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Straight Out of Brooklyn is a 1991 independent film directed by Matty Rich in his directorial debut. The film is a story about Dennis (played by Larry Gilliard Jr.), an African-American teen living in a housing project with his sister, mother and abusive, alcoholic father. Fed up with his family's seemingly hopeless future, he plans with his friends to rob a drug dealer.

Straight Out of Brooklyn
Straight Out of Brooklyn film poster.jpg
Directed byMatty Rich
Produced byMatty Rich
Written byMatty Rich
Music byHarold Wheeler
Distributed bySamuel Goldwyn Company
Release date
  • June 13, 1991 (1991-06-13) (U.S.)
  • September 4, 1992 (1992-09-04) (UK)
Running time
91 minutes
CountryUnited States
Box office$2,712,293



Dennis, living in a Red Hook housing project in Brooklyn, New York has had enough of poverty, and witnessing his alcoholic father beat his mother. His father is depressed and troubled from working hard for "the white man" for so many years, yet having nothing to show for it.

Dennis and two friends come up with a plan to rob a local drug dealer and split the money. One of the friends asks his uncle to borrow his car, and then a connection he has gives him a shotgun for the operation.

Dennis keeps telling his girlfriend that they will soon have money and be able to move out of Brooklyn, but he does not actually tell her of the plan. When he does eventually explain what he is about to do, she leaves him and tells him the relationship is over. Meanwhile, his mother loses her job due to the bruises on her face from the ongoing domestic violence.

On the day of the robbery, Dennis and his friends wait in the car for the dealer to come out with a briefcase full of cash. As they drive up to him, Dennis points the gun in his face and tells him to hand over the bag, yet he doesn't actually shoot him as his friends were discussing in the car. The dealer complies, and they speed off. The dealer has now seen their faces, and after being ordered by the gangster he works for to get the money back, he goes out looking for the three.

When Dennis and his friends take the briefcase back home and realise that it contains much more than they expected, the other two get scared and realize they will be targeted for stealing the bag in the first place. After an argument with Dennis, they leave all the money with him and say they want nothing to do with it.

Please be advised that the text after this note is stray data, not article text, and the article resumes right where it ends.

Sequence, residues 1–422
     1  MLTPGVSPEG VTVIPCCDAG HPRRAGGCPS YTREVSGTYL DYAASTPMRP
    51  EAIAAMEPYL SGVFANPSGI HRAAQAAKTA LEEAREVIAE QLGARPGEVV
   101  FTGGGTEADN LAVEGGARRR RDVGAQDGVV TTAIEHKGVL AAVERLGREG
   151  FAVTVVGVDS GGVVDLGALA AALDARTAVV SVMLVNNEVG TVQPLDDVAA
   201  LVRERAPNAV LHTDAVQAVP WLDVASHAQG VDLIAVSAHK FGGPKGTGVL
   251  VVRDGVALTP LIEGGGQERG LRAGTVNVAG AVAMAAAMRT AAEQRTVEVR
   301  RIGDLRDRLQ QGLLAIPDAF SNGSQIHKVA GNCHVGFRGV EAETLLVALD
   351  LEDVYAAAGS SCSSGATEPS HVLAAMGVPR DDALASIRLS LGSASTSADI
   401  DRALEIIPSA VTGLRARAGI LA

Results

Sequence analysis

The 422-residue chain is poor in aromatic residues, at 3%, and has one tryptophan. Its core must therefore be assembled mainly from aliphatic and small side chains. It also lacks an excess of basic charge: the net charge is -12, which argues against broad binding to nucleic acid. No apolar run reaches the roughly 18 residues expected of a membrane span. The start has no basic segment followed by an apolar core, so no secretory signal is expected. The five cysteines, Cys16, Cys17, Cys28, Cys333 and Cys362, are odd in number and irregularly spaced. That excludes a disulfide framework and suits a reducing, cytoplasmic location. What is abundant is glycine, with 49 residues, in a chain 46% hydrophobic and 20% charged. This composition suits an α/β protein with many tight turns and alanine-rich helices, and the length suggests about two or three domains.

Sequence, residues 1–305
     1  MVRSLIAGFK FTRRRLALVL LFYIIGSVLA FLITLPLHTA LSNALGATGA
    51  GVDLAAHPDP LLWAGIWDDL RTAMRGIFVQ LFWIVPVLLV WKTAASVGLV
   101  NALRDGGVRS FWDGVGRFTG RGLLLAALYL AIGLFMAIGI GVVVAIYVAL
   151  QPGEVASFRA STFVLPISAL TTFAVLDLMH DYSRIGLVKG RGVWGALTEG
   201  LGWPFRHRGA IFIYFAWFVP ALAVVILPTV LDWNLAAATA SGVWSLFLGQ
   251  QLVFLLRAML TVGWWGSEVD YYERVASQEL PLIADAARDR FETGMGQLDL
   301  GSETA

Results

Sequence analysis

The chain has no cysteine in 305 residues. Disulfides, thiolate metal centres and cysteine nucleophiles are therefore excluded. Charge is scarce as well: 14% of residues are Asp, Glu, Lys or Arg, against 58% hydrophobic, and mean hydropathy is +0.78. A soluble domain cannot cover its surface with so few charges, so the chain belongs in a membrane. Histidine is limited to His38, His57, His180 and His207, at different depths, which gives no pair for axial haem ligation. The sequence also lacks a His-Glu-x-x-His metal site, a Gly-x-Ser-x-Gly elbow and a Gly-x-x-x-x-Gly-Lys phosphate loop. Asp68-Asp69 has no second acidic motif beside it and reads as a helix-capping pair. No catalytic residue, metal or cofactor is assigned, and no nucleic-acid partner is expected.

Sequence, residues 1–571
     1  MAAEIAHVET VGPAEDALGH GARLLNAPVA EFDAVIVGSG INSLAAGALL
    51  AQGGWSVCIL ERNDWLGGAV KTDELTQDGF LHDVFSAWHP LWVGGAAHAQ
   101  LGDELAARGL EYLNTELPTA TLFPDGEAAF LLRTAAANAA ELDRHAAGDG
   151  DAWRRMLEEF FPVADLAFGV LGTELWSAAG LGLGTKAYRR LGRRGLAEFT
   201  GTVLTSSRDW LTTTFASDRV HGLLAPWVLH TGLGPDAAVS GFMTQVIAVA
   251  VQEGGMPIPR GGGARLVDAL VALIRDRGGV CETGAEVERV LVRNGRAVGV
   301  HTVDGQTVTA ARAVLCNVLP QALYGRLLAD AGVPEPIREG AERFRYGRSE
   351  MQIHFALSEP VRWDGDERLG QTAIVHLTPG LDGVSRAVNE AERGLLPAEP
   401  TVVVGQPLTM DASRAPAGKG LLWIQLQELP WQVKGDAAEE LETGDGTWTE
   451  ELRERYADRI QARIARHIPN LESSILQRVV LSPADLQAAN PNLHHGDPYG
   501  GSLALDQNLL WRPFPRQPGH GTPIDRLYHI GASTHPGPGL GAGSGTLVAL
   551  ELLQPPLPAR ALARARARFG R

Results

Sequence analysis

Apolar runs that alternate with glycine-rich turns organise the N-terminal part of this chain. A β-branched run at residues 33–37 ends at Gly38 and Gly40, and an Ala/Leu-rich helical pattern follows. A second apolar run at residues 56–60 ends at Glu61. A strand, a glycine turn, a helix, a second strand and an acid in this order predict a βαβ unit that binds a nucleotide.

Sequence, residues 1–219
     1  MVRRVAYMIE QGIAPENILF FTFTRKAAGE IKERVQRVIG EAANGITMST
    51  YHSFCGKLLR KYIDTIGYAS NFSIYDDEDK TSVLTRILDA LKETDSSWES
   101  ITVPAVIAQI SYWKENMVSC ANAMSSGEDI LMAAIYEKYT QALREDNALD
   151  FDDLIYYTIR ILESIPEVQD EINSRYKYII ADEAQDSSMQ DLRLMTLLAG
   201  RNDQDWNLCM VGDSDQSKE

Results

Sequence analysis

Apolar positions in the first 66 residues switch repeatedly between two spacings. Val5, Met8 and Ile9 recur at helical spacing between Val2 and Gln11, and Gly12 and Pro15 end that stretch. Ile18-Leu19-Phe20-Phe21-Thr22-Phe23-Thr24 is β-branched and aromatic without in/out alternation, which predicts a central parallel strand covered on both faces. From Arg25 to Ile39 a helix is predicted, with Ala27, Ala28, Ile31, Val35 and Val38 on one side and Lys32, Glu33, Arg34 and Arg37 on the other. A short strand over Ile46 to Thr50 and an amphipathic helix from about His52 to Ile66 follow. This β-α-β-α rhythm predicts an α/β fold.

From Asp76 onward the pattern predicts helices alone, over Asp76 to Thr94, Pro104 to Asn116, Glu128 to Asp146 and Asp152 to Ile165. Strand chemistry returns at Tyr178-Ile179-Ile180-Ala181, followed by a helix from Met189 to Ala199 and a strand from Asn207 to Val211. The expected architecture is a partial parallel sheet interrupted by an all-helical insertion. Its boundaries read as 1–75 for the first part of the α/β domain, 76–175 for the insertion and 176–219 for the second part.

The same night, Dennis brings the money home to show his family and tells them they can move out of the projects, but his father is less than happy about what his son has done. This causes an argument in the house which leads to more violence and Dennis' mother having to go to the hospital.

The next day at the hospital, Dennis' father goes out for some air when the drug dealer who was robbed sees him and recognizes who he is. The dealer and his accomplices chase him and he is blocked on both sides and shot dead. At the same time, in the hospital, Dennis' mother dies with her son and daughter by her side. The movie ends with the bloodied father lying still in death, against a fence.



Rich wrote the screenplay when he was 17. It began as a short story and 8-minute clip, which (he explains in the outtakes for the film) he made for himself and for high school kids. He made the film over a period of two years with an amateur cast working for free. Rich himself plays Dennis' friend, Larry. He financed much of the budget with credit cards and donations from family members. Rich also raised money by going on a New York City drive time radio show and asking listeners for donations; listeners donated a total of $77,000.[2] The total budget was $450,000. Upon release, the film was critically acclaimed and grossed $2.7 million at the box office. He was just 19 years old when the film was released.

The mother and father were based on Rich's great aunt and great uncle, respectively. Dennis is patterned after Rich's cousin. Other scenarios and characters are based on his experiences and observations in the neighborhood where Rich grew up.[3]

The film uses original music by Harold Wheeler.[4]


At the 1992 Independent Spirit Awards, Rich won the award for Best First Feature. George T. Odom was nominated for Best Supporting Male for his portrayal of the father. Composer Harold Wheeler was nominated for Best Film Music.

The film won a Special Jury Prize at the 1991 Sundance Film Festival.

External linksEdit


  1. ^ Straight Out of Brooklyn at Box Office Mojo
  2. ^ Rich, Matty. "Filmmaker's comments screened after the film concludes, before the credits roll". Straight Out of Brooklyn.
  3. ^ Rich, Matty. "Filmmaker's comments screened after the film concludes, before the credits roll". Straight Out of Brooklyn.
  4. ^ "". IMDb. Retrieved 11 August 2012. External link in |title= (help)